In Britain and Ireland the distinctive Green Hairstreak is unlikely to be mistaken for any other native butterfly. The white streaks on the green undersides of the forewing and hindwing are usually intermittent and sometimes almost imperceptible. (The green appearance is in fact illusory and caused by diffraction of light impinging on a lattice-like structure within the surface scales.) At rest the wings are always held closed so that the upperwings, which are a dull orange-brown, are visible only when the butterflies are in flight. Males and females look very similar, differing perceptively only in body shape; they have a typical wingspan of 3cm.
The Green Hairstreak is found throughout Britain, Ireland and most of mainland Europe as well as many parts of Asia and northern Africa. Scrubby grassland, hedgerows and chalk downland are typical of the habitats favoured by this distinctive butterfly, but small colonies are also found on acidic heathland. Green Hairstreaks are fairly common in coastal and inland regions of southern Portugal, where the specimens shown on this page were photographed.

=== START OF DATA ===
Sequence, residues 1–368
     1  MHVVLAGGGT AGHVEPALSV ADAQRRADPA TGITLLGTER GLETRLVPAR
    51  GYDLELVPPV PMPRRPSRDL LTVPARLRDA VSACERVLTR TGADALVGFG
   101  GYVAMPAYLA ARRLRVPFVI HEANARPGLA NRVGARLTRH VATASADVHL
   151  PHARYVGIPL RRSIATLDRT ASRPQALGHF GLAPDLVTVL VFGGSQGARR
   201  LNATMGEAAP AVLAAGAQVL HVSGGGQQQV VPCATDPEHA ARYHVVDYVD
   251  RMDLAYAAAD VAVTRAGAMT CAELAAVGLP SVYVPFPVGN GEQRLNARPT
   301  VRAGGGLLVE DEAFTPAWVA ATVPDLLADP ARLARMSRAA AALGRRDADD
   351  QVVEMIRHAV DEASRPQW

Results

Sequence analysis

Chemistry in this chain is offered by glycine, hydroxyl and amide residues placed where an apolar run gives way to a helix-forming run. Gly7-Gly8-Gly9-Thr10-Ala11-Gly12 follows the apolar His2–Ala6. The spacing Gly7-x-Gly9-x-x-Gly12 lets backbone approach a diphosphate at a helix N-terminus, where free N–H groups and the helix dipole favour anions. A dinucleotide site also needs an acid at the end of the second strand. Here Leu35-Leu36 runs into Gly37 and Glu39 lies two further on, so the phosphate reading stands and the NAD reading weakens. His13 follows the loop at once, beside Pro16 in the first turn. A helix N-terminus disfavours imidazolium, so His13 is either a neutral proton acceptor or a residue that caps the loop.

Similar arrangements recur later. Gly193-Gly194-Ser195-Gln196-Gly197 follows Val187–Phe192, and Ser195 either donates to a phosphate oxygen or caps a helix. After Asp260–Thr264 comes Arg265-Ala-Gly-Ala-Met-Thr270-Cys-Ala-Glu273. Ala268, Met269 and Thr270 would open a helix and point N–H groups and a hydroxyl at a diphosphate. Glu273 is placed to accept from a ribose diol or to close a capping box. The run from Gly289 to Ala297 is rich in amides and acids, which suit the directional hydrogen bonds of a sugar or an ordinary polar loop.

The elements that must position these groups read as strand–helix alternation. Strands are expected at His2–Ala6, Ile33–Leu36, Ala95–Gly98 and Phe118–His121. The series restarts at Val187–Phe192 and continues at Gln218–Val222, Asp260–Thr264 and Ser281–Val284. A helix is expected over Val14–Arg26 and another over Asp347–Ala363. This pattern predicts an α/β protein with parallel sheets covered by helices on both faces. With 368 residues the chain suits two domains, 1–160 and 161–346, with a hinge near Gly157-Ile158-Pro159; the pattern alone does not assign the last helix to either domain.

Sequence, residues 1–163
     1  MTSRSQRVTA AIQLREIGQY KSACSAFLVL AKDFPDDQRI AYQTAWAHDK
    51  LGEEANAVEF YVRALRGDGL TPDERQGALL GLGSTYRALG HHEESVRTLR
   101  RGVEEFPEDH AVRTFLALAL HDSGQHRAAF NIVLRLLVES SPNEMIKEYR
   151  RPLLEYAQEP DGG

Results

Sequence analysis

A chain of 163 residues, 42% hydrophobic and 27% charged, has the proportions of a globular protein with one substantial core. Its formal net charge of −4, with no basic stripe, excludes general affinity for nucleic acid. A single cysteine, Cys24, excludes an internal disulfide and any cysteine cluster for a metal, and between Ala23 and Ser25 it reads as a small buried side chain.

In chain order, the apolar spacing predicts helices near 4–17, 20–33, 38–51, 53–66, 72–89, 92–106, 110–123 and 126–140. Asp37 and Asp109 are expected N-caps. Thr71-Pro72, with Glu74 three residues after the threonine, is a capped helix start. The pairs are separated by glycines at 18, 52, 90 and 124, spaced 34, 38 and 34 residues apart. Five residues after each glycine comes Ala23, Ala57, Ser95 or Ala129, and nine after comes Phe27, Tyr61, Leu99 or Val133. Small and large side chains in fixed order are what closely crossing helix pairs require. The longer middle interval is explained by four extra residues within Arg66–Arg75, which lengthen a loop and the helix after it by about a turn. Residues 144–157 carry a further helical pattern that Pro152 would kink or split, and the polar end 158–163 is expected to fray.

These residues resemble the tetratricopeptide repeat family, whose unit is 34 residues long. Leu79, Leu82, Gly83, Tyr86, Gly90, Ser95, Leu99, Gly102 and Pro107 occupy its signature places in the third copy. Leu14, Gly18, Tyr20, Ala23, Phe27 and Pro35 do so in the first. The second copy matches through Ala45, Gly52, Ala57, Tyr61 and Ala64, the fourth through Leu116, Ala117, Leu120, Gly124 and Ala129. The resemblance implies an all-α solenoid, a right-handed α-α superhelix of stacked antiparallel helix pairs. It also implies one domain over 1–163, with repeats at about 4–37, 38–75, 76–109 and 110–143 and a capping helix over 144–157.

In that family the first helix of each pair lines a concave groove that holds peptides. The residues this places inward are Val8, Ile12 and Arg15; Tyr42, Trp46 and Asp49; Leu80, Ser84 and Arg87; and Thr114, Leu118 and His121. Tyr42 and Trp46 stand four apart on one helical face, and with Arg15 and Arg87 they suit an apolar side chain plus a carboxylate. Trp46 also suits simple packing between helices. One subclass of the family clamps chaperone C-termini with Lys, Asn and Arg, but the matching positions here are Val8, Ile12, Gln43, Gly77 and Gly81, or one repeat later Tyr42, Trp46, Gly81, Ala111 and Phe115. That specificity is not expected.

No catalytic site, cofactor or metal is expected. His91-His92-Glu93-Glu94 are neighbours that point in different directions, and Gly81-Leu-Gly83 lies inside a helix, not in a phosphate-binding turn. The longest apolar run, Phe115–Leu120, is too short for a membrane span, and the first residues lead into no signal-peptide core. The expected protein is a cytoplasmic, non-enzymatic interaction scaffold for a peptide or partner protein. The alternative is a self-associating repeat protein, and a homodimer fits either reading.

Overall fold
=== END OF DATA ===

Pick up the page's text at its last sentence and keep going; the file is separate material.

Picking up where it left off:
Green Hairstreak butterflies emerge from their chrysalises in late March and can be seen on the wing through to the end of June and sometimes well into July. This species has just a single brood. Its larval foodplants are very varied but, depending on habitat, can include Rock Rose, Lesser Bird's-foot Trefoil, Heather and Gorse. From green eggs that are laid singly, the larvae, which are green with black markings along their backs, develop rapidly before spending the winter months in the pupal state.
This page includes pictures kindly contributed by Rob Petley-Jones.
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